The US Federal Bureau of Investigation (FBI) plans to publish in peer-reviewed journals much of the scientific evidence it used to pin the 2001 anthrax attacks on microbiologist Bruce Ivins….
In lieu of expert witnesses and cross-examinations, the FBI plans to offer the evidence for peer review and will keep much of the data quiet until they are published. FBI laboratory director Chris Hassell anticipates a dozen or so papers related to the case, in addition to those that have already been published. However, Hassell says, some details of the investigation will remain confidential, so that potential bioterrorists won’t know exactly what they’re up against. “It’s just what we have to do for national security,” he says.
“Given that Ivins cannot stand trial, putting the data through the rigorous process of scientific review may be the best available alternative,” says Alan Pearson, director of the biological and chemical weapons control programme at the Center for Arms Control and Non-Proliferation in Washington DC….
Paul Keim, a microbial geneticist at Northern Arizona University in Flagstaff, identified the anthrax from the letters as being the Ames strain, one of dozens of known strains of Bacillus anthracis. Within the sample were different variants of the Ames strain that characterized a signature mixture, the FBI said. Scientists at the Institute for Genomic Research in Rockville, Maryland, sequenced a dozen genomes from the letters and identified mutations specific to the bacteria used in the attacks.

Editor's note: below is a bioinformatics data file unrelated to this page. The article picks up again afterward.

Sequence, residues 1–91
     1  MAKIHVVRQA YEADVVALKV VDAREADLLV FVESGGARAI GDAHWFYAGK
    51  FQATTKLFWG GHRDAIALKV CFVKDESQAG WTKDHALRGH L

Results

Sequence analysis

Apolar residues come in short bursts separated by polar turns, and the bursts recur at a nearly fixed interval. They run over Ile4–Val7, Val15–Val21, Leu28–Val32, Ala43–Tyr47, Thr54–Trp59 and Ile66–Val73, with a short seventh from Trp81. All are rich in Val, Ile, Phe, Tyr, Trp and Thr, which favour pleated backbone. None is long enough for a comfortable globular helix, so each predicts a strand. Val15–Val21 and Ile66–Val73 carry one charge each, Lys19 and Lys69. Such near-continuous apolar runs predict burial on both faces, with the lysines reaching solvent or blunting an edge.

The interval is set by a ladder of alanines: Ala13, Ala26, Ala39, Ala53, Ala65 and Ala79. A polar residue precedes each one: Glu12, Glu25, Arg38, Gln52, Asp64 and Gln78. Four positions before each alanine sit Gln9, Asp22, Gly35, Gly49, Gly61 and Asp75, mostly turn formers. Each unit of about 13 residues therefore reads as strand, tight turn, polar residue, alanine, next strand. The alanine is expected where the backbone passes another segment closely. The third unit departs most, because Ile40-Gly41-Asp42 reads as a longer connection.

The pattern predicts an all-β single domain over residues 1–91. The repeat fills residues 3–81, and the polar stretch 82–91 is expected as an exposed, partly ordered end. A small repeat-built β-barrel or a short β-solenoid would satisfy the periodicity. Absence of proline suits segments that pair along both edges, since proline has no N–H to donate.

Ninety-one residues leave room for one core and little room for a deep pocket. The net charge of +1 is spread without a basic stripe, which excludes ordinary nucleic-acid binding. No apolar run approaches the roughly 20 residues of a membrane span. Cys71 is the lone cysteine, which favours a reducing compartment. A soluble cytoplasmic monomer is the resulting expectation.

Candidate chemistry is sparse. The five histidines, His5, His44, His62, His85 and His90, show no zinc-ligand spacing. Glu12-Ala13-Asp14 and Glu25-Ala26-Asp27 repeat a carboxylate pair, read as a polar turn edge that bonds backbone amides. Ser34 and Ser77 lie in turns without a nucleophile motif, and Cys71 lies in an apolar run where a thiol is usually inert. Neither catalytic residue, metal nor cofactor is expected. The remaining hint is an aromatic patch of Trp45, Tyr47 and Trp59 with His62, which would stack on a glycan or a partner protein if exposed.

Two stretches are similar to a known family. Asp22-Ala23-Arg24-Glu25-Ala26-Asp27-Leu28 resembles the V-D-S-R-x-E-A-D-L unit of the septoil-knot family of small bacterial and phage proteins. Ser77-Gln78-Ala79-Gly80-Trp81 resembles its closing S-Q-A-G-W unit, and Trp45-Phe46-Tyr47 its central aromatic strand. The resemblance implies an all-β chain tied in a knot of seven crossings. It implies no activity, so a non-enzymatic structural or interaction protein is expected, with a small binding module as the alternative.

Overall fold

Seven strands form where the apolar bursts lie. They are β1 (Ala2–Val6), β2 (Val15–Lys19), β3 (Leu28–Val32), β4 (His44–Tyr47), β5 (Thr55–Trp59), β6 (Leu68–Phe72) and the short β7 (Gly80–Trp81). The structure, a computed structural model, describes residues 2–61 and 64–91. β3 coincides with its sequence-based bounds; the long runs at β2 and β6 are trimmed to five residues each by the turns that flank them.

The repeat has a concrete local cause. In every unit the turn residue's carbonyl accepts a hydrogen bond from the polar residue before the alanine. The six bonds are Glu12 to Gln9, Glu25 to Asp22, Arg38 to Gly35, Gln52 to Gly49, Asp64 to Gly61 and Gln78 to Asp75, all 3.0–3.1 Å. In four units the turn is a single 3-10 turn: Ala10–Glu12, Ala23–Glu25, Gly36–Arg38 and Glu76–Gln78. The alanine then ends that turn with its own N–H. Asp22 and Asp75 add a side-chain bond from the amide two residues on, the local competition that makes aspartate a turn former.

The FBI selected four insertions and deletions to serve as markers for the attack cocktail. They obtained more than 1,000 samples of Ames bacteria from labs across the world. Of those samples, eight were a match. Those mixtures, the FBI said, were all linked to RMR-1029 — a flask in Ivin’s lab. This analysis was completed in early 2007, Hassell said. Narrowing the focus from all individuals with access to RMR-1029 to Ivins was, apparently, a matter of non-scientific techniques.
Releasing the scientific evidence would be a very good thing. Hopefully, it will happen very quickly–and be in an open access journal.